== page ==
Fri May 25th, 2012 at 04:29:20 AM EST
Reading here on ET has given me a few ideas as to how government finance and the money supply work. I'm curious to see what people think, and to have my thinking corrected by the infinite font of wisdom that is ET.
- Money is created by government spending and bank lending.
- Money is destroyed by taxation.
- The purpose of taxation is not to fund government, but to manage the money supply, and to penalize or support certain activities in the economy.
- There is no special connection between government spending and inflation - government spending is an inflation driver only in the circumstances in which the same spending by private entities would be inflationary.
- Maintaining a connection between government spending and taxation is completely pointless.
If these are reasonably correct, then what exactly are the outer boundaries for a workable system of government finance?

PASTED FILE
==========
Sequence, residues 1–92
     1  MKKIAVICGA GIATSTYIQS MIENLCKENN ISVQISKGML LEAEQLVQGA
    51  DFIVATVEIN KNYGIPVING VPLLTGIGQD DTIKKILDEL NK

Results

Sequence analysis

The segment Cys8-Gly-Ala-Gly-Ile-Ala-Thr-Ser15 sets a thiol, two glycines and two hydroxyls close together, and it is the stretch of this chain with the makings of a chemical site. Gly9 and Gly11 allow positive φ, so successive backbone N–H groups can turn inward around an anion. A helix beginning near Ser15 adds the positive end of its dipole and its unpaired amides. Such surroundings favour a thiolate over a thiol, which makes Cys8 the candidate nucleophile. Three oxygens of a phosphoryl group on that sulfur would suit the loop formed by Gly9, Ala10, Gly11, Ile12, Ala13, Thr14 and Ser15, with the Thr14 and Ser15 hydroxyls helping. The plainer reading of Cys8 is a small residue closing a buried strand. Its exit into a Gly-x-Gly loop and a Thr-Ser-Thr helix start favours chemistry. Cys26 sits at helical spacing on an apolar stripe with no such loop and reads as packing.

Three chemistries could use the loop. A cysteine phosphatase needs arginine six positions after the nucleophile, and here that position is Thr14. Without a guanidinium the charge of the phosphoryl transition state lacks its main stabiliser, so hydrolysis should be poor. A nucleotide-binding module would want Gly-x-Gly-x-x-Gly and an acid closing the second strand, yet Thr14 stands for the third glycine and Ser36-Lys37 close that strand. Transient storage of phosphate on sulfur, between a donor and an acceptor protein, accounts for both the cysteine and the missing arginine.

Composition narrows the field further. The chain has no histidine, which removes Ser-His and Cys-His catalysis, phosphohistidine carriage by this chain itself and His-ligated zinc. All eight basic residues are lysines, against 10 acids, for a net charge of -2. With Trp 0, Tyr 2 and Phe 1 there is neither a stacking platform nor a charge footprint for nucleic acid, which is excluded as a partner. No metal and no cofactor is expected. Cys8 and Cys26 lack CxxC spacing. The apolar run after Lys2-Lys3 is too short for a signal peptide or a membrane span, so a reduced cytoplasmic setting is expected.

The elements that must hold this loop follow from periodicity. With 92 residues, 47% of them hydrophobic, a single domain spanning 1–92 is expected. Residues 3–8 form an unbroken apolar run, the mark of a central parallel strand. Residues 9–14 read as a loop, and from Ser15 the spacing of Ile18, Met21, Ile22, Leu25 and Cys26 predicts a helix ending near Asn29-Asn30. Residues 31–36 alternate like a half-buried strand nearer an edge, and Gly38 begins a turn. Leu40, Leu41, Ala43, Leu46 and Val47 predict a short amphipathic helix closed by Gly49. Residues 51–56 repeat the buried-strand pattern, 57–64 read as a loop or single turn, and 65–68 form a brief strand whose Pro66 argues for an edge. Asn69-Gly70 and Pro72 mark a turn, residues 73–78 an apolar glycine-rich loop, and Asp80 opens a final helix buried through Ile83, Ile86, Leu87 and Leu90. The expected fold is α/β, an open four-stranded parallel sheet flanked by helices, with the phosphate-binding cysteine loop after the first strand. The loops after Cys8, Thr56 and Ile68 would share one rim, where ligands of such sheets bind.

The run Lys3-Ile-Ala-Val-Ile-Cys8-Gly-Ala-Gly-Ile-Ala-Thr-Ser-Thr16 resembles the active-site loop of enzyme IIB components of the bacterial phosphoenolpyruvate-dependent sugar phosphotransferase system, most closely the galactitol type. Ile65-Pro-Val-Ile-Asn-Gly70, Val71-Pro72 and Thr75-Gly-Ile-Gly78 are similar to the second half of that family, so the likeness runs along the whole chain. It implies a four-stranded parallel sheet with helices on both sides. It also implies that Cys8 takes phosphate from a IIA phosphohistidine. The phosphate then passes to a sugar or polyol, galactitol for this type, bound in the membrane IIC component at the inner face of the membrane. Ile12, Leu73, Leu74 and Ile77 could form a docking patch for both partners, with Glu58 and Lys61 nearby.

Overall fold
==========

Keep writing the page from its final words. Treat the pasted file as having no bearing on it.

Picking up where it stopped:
front-paged with minor edits by afew
- What is the purpose of Treasury Bonds? They are certainly not funding the government - so what are the doing? Could they be dispensed with entirely?
- Rather than destroying money via taxation, would it be more sensible to regulate the monetary supply by limiting the ability of private banks to create money? Or banning it altogether, and centralizing monetary creation entirely in a central bank?
- Is modern econometric data sufficient for the management of inflation through targeted destruction of inflationary pressure via taxation to be possible? That is, if taxation is to be used as a tool of monetary destruction, and not of government funding, then can that tool be used with sufficient agility?
Part of the Socratic Economics series